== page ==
House Judiciary Committee Subpoenas McGahn In Obstruction Inquiry

Senate Finance Committee Chairman Orrin Hatch (R-UT) poses for photographs with Judge Brett Kavanaugh before a meeting at the U.S. Capitol July 11, 2018 in Washington, DC. U.S. President Donald Trump nominated Kavanaugh to succeed retiring Supreme Court Associate Justice Anthony Kennedy.
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The House Judiciary Committee issued a subpoena to former White House counsel Don McGahn on Monday, asking for documents and testimony relating to allegations that President Trump committed obstruction of justice.

The subpoena — issued by House Judiciary chair Jerry Nadler (D-NY) — asks McGahn to testify in public on May 21.

The request also provides a May 7 deadline for the former White House counsel to hand over documents on matters ranging from attempts to fire special counsel Robert Mueller to discussions over pardons for key Russia probe targets.

Nadler said in a statement that the Mueller report “outlines substantial evidence that President Trump engaged in obstruction and other abuses,” and that Congress must now decide how to exercise its “duties of oversight, legislation, and constitutional accountability.”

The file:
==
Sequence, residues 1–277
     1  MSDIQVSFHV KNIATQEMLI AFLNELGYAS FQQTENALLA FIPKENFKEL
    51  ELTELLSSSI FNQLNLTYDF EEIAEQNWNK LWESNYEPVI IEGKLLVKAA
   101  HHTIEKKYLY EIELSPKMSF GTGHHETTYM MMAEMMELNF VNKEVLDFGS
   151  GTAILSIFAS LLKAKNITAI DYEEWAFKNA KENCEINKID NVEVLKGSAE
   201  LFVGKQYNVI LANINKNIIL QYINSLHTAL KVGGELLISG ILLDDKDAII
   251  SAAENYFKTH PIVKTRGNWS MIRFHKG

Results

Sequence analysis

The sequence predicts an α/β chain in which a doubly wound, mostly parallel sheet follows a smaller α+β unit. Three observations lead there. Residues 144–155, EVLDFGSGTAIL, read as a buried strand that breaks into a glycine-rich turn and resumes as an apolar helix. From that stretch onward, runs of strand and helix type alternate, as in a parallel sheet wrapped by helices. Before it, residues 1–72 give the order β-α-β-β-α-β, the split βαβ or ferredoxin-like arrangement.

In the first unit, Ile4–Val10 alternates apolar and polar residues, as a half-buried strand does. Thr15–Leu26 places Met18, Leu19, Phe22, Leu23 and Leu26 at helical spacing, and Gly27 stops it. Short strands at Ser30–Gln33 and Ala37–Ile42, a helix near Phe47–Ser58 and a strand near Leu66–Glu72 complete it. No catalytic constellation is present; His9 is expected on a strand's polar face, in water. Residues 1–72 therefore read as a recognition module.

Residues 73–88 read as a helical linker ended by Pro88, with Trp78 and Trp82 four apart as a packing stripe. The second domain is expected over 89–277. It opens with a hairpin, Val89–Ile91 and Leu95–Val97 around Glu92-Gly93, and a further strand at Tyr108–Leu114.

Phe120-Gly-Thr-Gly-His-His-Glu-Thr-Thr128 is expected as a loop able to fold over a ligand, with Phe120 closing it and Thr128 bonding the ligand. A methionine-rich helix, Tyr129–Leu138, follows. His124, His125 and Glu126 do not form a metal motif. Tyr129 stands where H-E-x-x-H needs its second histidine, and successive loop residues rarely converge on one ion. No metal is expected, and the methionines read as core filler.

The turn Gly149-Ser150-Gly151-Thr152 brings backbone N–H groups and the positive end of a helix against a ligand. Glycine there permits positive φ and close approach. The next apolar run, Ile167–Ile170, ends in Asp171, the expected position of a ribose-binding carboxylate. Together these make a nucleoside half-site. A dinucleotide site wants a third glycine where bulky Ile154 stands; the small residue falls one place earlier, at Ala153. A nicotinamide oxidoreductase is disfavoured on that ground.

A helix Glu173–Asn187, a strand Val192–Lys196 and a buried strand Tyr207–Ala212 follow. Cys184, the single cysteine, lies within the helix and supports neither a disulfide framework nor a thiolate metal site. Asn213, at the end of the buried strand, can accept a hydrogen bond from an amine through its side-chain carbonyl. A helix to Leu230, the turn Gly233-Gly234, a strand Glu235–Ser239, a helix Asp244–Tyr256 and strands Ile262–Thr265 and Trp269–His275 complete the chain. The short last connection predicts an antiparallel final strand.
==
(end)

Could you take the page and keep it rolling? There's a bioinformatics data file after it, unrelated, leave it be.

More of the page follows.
Nadler added that, “as a co-equal branch of government, Congress has a constitutional obligation to hold the President accountable, and the planned hearings will be an important part of that process.”

The subpoena also asks for information regarding “prosecuting or investigating James Comey or Hillary Clinton” as well as documents relating to the firing of National Security Adviser Michael Flynn.

Rep. Doug Collins, the top Republican on the committee, spoke out against Nadler’s move.

“For the second time in four days, the chairman has issued a subpoena prematurely and contrary to his pledge not ‘to issue a subpoena every time we have a disagreement with the administration,’” Collins said in a statement. “Don McGahn sat for more than 30 hours of interviews with the special counsel’s investigation, and the chairman has answered that with a stunning 36-item subpoena. Instead of looking at material that Attorney General Barr has already made available, Democrats prefer to demand additional materials they know are subject to constitutional and common-law privileges and cannot be produced.”

Bill Burck, an attorney for McGahn, did not immediately reply to a request for comment.

Read a copy of the subpoena below:

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